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Sports stars and celebrities donÕt know when to stop scoring

Bernie Ni Fhlatharta



Date Published: {J}

There are currently three English international footballers and a well-known British television stars who have something to hide when it comes to affairs of the nocturnal kind. But because they have all secured what are known as super-injunctions, we may never officially know who they are.

Of course a quick recce across the web will provide you with any number of clues – although the trick with the English footballers appears to be to find one who doesn’t fit the bill of a cheating husband as opposed to one who just might.

The only ones so far ruled out are John Terry, Ashley Cole, Peter Crouch and Wayne Rooney – but only on the basis that all of them have had their dirty laundry aired in full view of the public already. Wayne is currently sulking on the bench, but what’s the bet he won’t be there for long.

As to the married TV star who slept with his ex-wife after he’d already remarried – and who is now being blackmailed by his former spouse – you can take your pick from almost anyone other than Graham Norton and Dale Winton. And that’s only because there’s women involved.

So what does all of this say about the moral standards of our rich and famous? Not a lot – but it does show that money may be able to buy you love, but it can’t guarantee you post-coital silence.

Take our mystery TV star who, like an old dog making his way back to the porch, fell back into his ex-wife’s arms when he presumably found that those faraway hills weren’t as green as he’d imagined.

But all the time it seems his original partner was just laying down a trap so that she could sell her story to one of the tabloids, making some more money and ruining her cheating ex-husband’s life in the one fell swoop.

And while divorce is rarely without rancour, this classy lady takes it to new depths, sleeping with her ex-husband and then trying to blackmail him so that his new relationship is destroyed.

There’s actually one defence for the footballers and it’s called Yorkie syndrome – because like the chocolate bar, they’re just big, rich and thick.

If you pay an under-educated semi-literate over a hundred grand a week and then make them ‘work’ (as in, kicking a football and drinking smoothies) for three hours a day, you shouldn’t be too surprised if they look for other ways to occupy their time.

There was a Manchester United Christmas party a few years ago, organised by that nuclear physicist Rio Ferdinand at which a young woman was allegedly sexually assaulted by one or more of the little Red Devils.

The fact was that Rio had hired a nightclub and a posse of strippers, and then told the wives and girlfriends that it was a lads-only night to which they were not welcome – so what did their partners think they were up to? Having a table quiz?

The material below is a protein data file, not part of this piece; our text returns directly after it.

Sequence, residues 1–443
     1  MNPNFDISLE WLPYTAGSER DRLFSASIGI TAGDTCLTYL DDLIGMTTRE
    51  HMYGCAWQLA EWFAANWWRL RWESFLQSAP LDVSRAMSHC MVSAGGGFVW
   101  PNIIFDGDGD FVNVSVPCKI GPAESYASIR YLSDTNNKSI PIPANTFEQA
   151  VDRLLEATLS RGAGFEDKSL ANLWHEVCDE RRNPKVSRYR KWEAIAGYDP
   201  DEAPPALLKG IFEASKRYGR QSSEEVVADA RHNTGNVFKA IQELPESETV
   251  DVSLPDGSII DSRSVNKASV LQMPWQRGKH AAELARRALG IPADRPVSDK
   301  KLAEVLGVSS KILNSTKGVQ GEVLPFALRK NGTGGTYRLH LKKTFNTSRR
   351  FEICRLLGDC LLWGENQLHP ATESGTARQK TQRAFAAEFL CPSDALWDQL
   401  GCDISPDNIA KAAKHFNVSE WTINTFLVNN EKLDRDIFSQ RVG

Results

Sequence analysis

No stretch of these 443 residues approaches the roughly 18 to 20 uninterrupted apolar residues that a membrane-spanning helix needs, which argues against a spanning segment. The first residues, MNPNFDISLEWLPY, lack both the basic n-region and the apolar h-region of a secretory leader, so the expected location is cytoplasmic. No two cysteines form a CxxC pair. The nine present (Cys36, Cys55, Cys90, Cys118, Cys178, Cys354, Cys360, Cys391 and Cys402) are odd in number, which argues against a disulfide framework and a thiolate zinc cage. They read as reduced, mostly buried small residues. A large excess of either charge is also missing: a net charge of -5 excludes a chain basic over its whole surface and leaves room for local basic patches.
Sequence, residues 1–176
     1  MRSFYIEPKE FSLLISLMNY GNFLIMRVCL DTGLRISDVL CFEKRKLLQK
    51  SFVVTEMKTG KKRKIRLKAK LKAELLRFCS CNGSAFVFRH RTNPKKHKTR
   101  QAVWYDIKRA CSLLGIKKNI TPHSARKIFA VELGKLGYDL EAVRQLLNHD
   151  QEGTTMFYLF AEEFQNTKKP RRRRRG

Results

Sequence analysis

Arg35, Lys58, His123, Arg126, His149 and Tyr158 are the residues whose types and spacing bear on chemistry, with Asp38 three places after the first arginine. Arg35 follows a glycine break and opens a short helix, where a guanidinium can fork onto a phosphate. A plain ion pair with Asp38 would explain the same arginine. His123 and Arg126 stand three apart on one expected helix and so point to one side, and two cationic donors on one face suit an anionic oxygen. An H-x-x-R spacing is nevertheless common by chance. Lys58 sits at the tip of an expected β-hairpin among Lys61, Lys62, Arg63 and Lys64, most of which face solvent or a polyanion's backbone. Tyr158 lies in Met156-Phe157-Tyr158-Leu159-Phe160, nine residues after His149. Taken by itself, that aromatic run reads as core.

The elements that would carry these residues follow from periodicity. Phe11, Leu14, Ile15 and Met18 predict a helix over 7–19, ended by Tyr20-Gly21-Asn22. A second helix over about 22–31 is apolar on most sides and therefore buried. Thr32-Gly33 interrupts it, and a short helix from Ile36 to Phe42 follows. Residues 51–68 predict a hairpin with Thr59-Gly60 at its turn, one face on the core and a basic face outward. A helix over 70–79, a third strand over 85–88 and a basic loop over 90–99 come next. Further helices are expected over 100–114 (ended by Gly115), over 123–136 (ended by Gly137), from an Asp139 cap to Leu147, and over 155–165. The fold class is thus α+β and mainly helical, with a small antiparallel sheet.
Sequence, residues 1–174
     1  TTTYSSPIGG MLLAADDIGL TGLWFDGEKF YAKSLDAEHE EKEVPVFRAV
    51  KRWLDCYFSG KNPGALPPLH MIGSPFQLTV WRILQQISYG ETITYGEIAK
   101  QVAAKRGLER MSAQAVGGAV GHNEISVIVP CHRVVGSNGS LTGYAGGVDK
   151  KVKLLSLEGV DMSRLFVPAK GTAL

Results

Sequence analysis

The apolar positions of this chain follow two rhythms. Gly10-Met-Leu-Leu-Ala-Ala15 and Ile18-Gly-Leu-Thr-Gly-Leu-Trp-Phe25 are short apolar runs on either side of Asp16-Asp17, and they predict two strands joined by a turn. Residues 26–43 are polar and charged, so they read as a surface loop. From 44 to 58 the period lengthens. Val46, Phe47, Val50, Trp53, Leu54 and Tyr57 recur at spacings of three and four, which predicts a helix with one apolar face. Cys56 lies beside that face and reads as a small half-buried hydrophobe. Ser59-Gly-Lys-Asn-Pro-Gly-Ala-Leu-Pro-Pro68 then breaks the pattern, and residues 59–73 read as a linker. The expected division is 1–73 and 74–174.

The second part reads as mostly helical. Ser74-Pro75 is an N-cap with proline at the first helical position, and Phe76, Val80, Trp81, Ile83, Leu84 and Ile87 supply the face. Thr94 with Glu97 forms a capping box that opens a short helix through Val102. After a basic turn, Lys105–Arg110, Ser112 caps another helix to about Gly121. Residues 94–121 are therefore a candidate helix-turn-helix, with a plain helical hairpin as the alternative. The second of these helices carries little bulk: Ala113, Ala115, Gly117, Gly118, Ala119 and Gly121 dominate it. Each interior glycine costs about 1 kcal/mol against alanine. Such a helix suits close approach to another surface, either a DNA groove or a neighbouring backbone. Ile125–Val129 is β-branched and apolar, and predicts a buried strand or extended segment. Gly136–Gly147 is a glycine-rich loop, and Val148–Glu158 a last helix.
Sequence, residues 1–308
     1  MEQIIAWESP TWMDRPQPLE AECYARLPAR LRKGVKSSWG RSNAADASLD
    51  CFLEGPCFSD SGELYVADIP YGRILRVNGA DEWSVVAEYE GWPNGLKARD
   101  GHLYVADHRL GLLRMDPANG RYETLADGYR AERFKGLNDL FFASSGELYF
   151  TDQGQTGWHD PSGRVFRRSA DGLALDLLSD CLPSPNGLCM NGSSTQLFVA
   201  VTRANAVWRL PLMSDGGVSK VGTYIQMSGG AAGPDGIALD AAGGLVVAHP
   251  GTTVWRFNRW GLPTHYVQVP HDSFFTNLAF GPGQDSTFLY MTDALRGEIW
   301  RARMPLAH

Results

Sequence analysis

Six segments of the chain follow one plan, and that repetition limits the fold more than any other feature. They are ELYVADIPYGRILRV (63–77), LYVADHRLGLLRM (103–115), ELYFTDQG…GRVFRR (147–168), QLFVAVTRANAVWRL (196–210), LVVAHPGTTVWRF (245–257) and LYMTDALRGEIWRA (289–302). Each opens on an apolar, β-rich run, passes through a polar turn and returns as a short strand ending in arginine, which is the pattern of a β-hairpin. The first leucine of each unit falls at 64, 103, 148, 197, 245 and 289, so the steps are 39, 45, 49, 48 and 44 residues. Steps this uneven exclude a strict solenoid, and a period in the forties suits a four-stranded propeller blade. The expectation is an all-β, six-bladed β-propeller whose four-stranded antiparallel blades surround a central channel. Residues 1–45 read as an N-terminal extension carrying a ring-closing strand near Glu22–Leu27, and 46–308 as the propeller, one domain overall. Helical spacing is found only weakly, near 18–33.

It’s been suggested that the reason England had such a disastrous World Cup was because so many of the team were on the point of being exposed by the tabloids as cheats. If only they’d devote half as much effort to scoring on the pitch as off it, they’d have waltzed their way into the final.

Of course they can argue that it’s actually nobody’s business whether they’re playing at home or away and in other circumstances they might be right.

For more, read this week’s Connacht Tribune.

Galway in Days Gone By

The way we were – Protecting archives of our past

Judy Murphy



A photo of Galway city centre from the county council's archives

People’s living conditions less than 100 years ago were frightening. We have come a long way. We talk about water charges today, but back then the local District Councils were erecting pumps for local communities and the lovely town of Mountbellew, according to Council minutes, had open sewers,” says Galway County Council archivist Patria McWalter.

Patria believes we “need to take pride in our history, and we should take the same pride in our historical records as we do in our built heritage”. When you see the wealth of material in her care, this belief makes sense.

She is in charge of caring for the rich collection of administrative records owned by Galway County Council and says “these records are as much part of our history as the Rock of Cashel is. They document our lives and our ancestors’ lives. And nobody can plan for the future unless you learn from the past, what worked and what didn’t”.

Archivists and librarians are often unfairly regarded as being dry, academic types, but that’s certainly not true of Patria. Her enthusiasm is infectious as she turns the pages of several minute books from Galway’s Rural District Councils, all of them at least 100 years old.